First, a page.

Friday, April 14, 2006

Imaginary Roads 1:2

He was travelling to a place called Guyana, an English-speaking country on the north-eastern shoulder of South America, reaching from the Atlantic inland along the lengths of three or four great rivers to the border with Brazil.

The flight lasted perhaps an hour. Later he wouldn't remember any view out the window of the airplane until he was descending over a river called the Demerara. Below was what looked like an unbroken forest canopy, a monotonous expanse of trees, not a hill in sight.

He realised at that moment that he knew almost nothing about Guyana, despite the reading he'd done to prepare himself, the guidebook information he'd memorised. He didn't know what he was getting himself into. Then among the trees he saw tin roofs, then clearings, the untidy evidence of human settlement, and then the runway, and the plane's engines roared.

It was early afternoon and the heat felt not quite familiar. This was South American heat, with the slightly sweet scent of a bonfire.

He told the immigration officer he was on his way into the interior.

He'd arranged to be met by a taxi, and as he stepped into the front arrival hall he saw the driver holding up a piece of paper with his name written on it in ballpoint ink.

The road to the city was lined with houses, shops, Chinese restaurants every fifty feet, pedestrians, animals. He couldn't make out where one village ended and another began; the blur of buildings on either side of the car seemed a single continuous settlement. He found the bustle reassuring. He saw policemen in tunics of a shade of pale blue too delicate to be practical; a Hindu temple like a pagoda, built of white-painted fretworked wood; a donkey-cart loaded with vegetables under a burlap sack. He had a sense that water was near, then saw the Demerara to the east, its bank demarked by sentinel kokers, Guyana's famous sluice-gates.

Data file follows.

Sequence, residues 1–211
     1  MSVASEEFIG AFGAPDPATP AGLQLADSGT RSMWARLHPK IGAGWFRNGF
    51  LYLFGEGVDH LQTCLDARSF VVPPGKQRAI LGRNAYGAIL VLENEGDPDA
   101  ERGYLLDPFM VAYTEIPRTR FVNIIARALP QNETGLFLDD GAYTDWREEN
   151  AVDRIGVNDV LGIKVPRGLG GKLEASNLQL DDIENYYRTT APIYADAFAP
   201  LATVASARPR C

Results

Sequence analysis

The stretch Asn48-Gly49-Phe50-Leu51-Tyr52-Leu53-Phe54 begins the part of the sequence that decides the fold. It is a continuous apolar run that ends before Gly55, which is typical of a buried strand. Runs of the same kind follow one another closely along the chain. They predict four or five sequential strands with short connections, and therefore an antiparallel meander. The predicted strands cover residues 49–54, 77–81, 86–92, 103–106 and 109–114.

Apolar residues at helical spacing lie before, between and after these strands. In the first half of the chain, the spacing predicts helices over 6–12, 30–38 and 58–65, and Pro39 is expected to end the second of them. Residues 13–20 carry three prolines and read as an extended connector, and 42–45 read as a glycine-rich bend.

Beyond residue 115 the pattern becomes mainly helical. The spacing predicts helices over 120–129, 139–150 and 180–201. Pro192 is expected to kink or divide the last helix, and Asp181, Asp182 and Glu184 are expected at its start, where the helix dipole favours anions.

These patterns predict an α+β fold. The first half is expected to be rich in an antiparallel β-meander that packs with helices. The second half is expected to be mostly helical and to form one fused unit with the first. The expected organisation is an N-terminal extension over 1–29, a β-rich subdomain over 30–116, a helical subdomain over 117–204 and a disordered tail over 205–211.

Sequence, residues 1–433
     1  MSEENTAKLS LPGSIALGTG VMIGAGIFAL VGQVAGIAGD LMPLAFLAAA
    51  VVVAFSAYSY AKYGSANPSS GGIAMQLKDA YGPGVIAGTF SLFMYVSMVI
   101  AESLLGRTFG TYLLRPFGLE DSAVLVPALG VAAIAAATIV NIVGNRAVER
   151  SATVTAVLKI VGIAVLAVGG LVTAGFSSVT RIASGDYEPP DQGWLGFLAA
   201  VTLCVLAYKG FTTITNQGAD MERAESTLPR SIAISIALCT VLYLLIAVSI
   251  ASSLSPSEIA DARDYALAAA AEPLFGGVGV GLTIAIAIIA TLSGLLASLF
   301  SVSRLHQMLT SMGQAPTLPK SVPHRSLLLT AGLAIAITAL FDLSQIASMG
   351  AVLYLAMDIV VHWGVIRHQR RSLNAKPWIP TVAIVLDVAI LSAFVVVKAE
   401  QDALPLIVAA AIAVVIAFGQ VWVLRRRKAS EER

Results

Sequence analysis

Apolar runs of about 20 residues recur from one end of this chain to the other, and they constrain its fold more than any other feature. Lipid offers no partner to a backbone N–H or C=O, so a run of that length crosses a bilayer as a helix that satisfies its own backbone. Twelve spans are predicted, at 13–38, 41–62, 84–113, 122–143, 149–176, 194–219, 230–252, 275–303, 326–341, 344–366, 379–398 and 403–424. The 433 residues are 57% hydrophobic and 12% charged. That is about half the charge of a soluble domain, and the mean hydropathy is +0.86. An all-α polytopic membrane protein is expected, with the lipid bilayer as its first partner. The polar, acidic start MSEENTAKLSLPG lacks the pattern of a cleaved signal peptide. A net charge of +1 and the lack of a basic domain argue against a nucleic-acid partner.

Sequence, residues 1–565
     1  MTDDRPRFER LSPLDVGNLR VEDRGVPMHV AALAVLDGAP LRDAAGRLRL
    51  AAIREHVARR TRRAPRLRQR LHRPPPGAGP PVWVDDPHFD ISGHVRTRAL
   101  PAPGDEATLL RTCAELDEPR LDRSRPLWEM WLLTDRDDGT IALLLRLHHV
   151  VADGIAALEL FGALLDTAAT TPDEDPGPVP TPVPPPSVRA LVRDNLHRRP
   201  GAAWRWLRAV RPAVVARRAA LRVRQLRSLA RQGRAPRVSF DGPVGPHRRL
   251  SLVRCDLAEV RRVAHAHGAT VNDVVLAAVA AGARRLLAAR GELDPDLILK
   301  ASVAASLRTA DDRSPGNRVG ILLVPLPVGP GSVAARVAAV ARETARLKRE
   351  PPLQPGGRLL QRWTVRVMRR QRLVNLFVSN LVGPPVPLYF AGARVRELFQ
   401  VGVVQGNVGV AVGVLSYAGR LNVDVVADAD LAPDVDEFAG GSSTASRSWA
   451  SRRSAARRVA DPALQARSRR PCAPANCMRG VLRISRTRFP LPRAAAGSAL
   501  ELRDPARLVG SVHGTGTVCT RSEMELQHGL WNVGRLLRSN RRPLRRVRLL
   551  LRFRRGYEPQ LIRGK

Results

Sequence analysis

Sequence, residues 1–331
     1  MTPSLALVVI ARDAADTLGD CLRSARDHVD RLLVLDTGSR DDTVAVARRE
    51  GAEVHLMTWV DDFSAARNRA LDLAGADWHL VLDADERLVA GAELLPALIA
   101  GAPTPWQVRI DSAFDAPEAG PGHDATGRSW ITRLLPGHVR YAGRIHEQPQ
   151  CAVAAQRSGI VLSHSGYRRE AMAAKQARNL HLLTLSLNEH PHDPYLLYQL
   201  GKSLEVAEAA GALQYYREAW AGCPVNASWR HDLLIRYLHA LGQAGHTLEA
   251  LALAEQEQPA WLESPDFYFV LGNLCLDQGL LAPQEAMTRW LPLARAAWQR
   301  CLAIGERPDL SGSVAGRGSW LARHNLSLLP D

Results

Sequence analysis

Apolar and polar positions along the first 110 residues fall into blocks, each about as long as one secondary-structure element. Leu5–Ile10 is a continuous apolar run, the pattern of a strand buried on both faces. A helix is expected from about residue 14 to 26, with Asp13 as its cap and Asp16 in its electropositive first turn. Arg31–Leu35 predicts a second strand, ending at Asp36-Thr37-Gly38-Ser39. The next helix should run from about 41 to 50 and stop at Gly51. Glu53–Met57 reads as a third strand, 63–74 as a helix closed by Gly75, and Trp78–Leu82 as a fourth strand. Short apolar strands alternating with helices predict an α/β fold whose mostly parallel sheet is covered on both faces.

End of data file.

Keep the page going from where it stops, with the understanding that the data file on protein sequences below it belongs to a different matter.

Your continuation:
But what did the taxi driver talk about, was the car comfortable, did its air-conditioning work, what did he think of the people they passed on the road, their clothes, the way they walked or stood, the signs painted on their shops, the shrubs in their small garden plots, the little wooden footbridges leading to their houses, was this anything like the story he'd told himself, why had he imagined arriving and driving along this road at night?

"You been to Guyana before?"

He told the driver this was his first time. The driver asked why he was here.

"You come for business? Not the best time to be here, you know. You heard 'bout the floods?"

A few weeks before, the strip of low-lying coast where most of Guyana's people lived had been devastated by floodwater, after unseasonable rain overtopped the conservancy dams that protected the settlements, and the old system of drainage canals and sluice gates collapsed. Some villages had been flooded eight feet deep, drowning livestock and destroying crops, and even parts of the capital city were five or six feet below water. Bacterial diseases broke out, and there were fears of epidemics.

"Yes, it flood round by my house too. Four foot in my patch of greens. You could still see the mark on the side of the house where the water reach."

1 comment:

Dylan said...

I really like Imaginary roads part one and two.

Is it your book?

its style is great, full of detail but light in consumption.